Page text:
Canada's Liberal Party has decisively won a general election, ending nearly a decade of Conservative rule.

The centrist Liberals, led by Justin Trudeau, started the campaign in third place but in a stunning turnaround now command a majority.

Mr Trudeau, the 43-year-old son of late Prime Minister Pierre Trudeau, said Canadians had voted for real change.

Incumbent Conservative PM Stephen Harper accepted defeat and his party said he will step down as leader.

It was the longest campaign in Canada's history, and had been thought to be much closer.

Speaking after the polls closed, Mr Harper said he had already congratulated Mr Trudeau, saying the Conservatives would accept the results "without hesitation".

Addressing his jubilant supporters shortly afterwards, Mr Trudeau said that Canadians "sent a clear message tonight - it's time for a change".


"We beat fear with hope, we beat cynicism with hard work. Most of all we defeated the idea that Canadians should be satisfied with less.

"This is what positive politics can do," he said, also praising Mr Harper for his service to the country.

Few had predicted a Liberal victory on this scale. They look set to win 184 seats, a huge increase from only 36 that they held after suffering their worst-ever election result in 2011.

They become the first party ever to move from third place in parliament to a majority in one election.

Meanwhile, the left-leaning New Democratic Party (NDP) is on course to win 44 seats, less than half the number they held in the outgoing parliament.

"I congratulated Mr Trudeau on his exceptional achievement," said NDP leader Tom Mulcair.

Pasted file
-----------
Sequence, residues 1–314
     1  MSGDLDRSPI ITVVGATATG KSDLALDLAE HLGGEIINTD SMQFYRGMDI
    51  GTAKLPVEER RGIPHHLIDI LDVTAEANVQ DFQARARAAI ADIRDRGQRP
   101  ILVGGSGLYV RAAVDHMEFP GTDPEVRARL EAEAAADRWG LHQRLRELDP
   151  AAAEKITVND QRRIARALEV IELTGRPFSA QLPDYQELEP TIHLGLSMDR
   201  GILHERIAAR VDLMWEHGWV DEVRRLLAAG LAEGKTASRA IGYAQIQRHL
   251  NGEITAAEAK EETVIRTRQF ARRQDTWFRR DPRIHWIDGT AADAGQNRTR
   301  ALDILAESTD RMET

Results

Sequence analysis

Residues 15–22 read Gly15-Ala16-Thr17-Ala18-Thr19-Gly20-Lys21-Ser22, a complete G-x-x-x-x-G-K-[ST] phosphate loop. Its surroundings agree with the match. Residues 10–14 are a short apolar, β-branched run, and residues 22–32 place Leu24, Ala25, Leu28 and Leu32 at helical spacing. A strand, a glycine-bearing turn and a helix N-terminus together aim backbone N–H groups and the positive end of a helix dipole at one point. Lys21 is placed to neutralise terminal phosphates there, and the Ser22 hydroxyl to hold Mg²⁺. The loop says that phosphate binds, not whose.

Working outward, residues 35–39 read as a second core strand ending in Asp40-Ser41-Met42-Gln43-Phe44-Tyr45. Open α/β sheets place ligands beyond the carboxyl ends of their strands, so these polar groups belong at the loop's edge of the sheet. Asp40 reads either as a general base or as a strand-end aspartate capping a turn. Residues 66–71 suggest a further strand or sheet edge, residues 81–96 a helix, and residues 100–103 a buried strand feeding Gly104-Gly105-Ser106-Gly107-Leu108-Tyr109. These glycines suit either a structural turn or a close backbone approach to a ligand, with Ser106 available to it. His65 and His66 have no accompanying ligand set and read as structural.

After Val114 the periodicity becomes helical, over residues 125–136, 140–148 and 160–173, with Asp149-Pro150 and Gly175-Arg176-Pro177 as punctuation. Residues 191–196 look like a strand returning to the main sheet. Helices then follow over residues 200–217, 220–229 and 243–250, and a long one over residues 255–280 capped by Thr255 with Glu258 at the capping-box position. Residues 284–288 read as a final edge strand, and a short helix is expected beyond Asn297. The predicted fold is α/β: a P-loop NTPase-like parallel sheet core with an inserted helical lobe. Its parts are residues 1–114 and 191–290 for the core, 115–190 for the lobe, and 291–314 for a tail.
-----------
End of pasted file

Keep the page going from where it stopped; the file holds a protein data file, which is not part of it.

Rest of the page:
Media captionJustin Trudeau: 'It's time for a change'
Conservative Party supporters watch election results in Calgary
Image captionIn contrast to the Liberals, there was not much to celebrate for Conservative Party supporters








New Democratic Party supporters react to election results in Montreal
Image captionThe New Democratic Party - which finished second in the 2011 elections - is now a distant third

Early counts in the eastern provinces gave the Liberals their first taste of victory, as they led in all 32 races there.

As the results began pouring in, former Conservative Justice Minister Peter MacKay said: "A sea of change here. We are used to high tides in Atlantic Canada. This is not what we hoped for."

The Conservatives are now in danger of losing all 13 seats they held in Atlantic Canada in 2011.

Analysis: Anthony Zurcher, BBC News, Montreal

It was a night of superlatives for the Liberals in Canada. For only the second time in history, a party has gone from third place in parliament to first.

At Liberal Party headquarters in Montreal, the mood has gone from excitement to pure jubilation, as the crowd cheers win after improbable win.

"I'm so excited," said Karyn Decore, who flew in from Edmonton - another conservative Alberta city that could send a Liberal to parliament - for Monday night's party.